Brooklyn Schoolboy A Chess Prodigy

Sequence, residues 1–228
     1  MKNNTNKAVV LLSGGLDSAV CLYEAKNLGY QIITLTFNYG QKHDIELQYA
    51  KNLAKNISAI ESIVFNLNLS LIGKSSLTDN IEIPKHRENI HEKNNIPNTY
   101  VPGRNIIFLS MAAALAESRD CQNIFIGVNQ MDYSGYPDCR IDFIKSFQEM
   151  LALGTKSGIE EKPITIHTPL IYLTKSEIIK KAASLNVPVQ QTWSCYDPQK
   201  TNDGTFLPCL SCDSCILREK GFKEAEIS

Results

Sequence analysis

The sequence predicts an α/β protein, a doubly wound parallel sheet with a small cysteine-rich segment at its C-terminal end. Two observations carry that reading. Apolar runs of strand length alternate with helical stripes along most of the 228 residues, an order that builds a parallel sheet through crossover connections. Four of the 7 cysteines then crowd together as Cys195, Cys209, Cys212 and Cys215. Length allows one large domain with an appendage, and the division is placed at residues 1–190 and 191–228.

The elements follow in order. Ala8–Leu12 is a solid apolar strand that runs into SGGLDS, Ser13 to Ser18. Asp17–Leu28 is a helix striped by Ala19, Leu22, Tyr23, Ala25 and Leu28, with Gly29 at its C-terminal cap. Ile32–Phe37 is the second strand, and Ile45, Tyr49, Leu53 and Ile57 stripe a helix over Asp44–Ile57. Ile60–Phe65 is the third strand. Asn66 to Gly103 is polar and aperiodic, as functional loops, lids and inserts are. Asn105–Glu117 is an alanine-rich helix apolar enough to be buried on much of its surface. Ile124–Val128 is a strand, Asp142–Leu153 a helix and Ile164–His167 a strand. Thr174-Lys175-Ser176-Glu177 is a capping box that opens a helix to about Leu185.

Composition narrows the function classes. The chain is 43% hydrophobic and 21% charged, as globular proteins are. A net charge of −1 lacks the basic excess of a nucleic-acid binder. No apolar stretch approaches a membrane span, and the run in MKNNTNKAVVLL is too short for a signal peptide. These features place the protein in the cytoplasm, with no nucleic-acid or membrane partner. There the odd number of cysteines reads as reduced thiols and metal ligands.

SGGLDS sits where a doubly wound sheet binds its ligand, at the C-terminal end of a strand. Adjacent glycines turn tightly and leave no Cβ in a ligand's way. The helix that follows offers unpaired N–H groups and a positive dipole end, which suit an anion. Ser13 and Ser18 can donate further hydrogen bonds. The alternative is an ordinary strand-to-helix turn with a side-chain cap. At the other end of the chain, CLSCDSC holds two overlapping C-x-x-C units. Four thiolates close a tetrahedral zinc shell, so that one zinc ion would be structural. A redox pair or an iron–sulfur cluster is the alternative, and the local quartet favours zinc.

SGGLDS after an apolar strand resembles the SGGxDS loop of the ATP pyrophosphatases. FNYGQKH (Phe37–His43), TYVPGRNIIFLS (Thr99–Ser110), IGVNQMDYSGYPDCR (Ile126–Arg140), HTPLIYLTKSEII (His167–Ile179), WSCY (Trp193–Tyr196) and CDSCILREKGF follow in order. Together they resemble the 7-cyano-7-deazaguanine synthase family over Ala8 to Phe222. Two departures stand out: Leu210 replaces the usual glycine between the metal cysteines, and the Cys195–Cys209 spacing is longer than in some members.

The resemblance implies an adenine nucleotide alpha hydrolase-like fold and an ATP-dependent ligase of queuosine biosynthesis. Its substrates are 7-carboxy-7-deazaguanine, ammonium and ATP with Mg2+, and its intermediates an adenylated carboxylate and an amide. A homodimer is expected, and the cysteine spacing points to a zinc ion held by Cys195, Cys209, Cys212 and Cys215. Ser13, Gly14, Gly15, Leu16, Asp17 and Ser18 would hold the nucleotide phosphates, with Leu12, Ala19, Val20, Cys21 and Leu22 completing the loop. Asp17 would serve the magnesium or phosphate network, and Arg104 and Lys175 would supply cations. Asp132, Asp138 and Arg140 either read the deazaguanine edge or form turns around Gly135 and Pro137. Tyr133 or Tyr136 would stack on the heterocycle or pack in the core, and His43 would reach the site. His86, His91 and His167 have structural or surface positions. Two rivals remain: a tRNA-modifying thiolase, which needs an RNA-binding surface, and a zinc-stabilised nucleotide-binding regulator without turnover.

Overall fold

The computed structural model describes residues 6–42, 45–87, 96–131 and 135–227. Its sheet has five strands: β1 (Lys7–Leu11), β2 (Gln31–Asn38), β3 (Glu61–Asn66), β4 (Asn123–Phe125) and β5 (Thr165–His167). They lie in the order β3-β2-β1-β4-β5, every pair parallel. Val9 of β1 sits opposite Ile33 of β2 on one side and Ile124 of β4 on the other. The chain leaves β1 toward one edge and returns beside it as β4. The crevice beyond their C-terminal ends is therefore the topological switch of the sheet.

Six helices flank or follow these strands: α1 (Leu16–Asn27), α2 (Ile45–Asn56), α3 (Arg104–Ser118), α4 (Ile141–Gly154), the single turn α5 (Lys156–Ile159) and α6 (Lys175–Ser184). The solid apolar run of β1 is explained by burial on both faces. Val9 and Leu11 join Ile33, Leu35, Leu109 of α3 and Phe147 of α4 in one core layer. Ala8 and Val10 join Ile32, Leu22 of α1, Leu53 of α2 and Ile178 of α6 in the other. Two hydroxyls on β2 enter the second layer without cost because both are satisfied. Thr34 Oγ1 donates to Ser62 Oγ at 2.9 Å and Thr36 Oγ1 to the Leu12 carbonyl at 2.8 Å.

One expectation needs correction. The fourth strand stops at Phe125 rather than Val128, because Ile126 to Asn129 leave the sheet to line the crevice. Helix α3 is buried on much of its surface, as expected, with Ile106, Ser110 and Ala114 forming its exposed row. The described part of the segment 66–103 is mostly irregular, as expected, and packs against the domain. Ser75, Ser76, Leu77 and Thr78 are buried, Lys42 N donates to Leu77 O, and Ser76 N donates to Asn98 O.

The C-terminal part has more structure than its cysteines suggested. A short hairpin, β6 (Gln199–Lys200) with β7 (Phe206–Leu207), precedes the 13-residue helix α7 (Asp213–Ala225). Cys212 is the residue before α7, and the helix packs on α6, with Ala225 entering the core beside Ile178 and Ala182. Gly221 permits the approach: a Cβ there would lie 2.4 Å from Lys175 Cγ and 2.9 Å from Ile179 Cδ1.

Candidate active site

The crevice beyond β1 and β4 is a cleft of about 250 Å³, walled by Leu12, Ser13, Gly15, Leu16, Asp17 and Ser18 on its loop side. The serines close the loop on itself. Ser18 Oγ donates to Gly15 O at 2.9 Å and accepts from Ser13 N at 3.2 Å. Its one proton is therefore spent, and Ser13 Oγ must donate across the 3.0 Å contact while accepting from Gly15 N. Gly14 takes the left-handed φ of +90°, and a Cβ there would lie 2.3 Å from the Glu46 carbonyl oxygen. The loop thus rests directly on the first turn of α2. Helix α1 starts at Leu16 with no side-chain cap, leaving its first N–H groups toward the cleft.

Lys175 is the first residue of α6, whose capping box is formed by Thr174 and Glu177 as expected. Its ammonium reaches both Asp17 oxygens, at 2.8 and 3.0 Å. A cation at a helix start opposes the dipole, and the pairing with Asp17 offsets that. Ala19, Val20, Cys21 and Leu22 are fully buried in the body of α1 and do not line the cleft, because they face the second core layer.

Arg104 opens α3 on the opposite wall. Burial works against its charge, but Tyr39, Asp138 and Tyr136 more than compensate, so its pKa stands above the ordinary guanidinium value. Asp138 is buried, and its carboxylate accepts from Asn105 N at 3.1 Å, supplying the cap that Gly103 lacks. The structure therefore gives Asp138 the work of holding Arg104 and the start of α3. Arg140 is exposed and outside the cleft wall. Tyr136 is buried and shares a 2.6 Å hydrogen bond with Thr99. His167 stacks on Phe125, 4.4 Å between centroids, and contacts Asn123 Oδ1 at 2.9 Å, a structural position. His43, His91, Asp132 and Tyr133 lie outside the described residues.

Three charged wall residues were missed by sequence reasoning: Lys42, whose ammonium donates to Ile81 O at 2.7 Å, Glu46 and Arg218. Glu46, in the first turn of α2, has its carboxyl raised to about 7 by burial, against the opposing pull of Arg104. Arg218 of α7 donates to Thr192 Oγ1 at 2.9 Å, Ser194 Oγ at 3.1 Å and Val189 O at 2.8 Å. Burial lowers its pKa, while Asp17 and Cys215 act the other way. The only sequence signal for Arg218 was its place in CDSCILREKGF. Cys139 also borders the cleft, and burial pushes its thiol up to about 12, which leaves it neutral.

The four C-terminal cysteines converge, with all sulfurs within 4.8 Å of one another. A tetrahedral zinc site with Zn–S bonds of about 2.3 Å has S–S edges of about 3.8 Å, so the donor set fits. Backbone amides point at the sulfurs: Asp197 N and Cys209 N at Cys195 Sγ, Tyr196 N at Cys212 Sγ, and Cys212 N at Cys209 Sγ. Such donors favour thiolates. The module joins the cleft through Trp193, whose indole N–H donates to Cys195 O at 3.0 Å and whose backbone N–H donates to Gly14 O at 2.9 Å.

Brooklyn Schoolboy A Chess Prodigy NEW YORK m A quiet group' huddled around a table in the corner corner of the Marshall Chess Club, watching an almost unbelievable game. The players were Donald Byrne, a chesg master, and Bobby Fischer, a 13-year-old 13-year-old 13-year-old 13-year-old 13-year-old Brooklyn schoolboy playing In his first major tournament. tournament. Time and again with bold, surprising; moves Bobby outfoxed his more experienced opponent. "Impossible" whispered one of the onlookers. "Byrne Is losing to a 13-year-old 13-year-old 13-year-old 13-year-old 13-year-old nobody." "Mate." said this "nobody,'' and the game was over. Bobby had earned his first victory In the Leas ing J. Rosenwald Trophy Tourna ment. Chess Review magazine called It the "game of the century a stun ning masterpiece of combination play performed by a boy of 13 against a formidable opponent, matching the finest on record In the history of chess prodigies." Bobby didnt win the Rosenwald tournament the trophy went to Sammy Reshevsky, the ranking U. S. player but the crew-cut crew-cut crew-cut youngster youngster who would rather play chess than eat established himself as a young man to watch. New York chess enthusiasts have recognized Bobby's ability for several years. Hans Kmoch, eecretary-manager eecretary-manager eecretary-manager of the Manhattan Chess Club, says "For his age, I don't think there is any better chess player In the world. He is a genuine prodigy and one of the best players in our club. Bobby appears embarrassed by all the attention he has drawn since he defeated Byrne. "I just made the moves I thought were best," he says modestly. -was -was Just lucky." Where did he learn the game? "My sister taught me when I was 6," he says. "She was 12 and didn't know too much about the game, but she told me where and how to move m ,. m i w i - '' - ' ', EXPERT AT 13: Bobby Fisher studies move on way to victory over Donald Byrne, one of the best chess players In the United Eta tea. the pieces. I liked it and have been playing it ever since." Does he want to continue playing the game and perhaps become one or the great players? "1 could play chess all my life," he answers shyly. "I like tourna' menu and would like to play in i lot of them. As for being great ; don't know about that." Kmoch, however, has fewer re servations: "The outlook is brilliant. If he continues to proceed the way he has the past year or two, he's likely to become one ot the greatest players players of all time."